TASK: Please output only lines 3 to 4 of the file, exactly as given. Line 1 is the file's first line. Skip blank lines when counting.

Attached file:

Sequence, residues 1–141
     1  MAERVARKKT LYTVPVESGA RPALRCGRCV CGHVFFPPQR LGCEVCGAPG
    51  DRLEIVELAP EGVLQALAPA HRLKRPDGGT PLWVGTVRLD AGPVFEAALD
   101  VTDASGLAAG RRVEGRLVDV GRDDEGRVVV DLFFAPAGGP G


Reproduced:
    51  DRLEIVELAP EGVLQALAPA HRLKRPDGGT PLWVGTVRLD AGPVFEAALD
   101  VTDASGLAAG RRVEGRLVDV GRDDEGRVVV DLFFAPAGGP G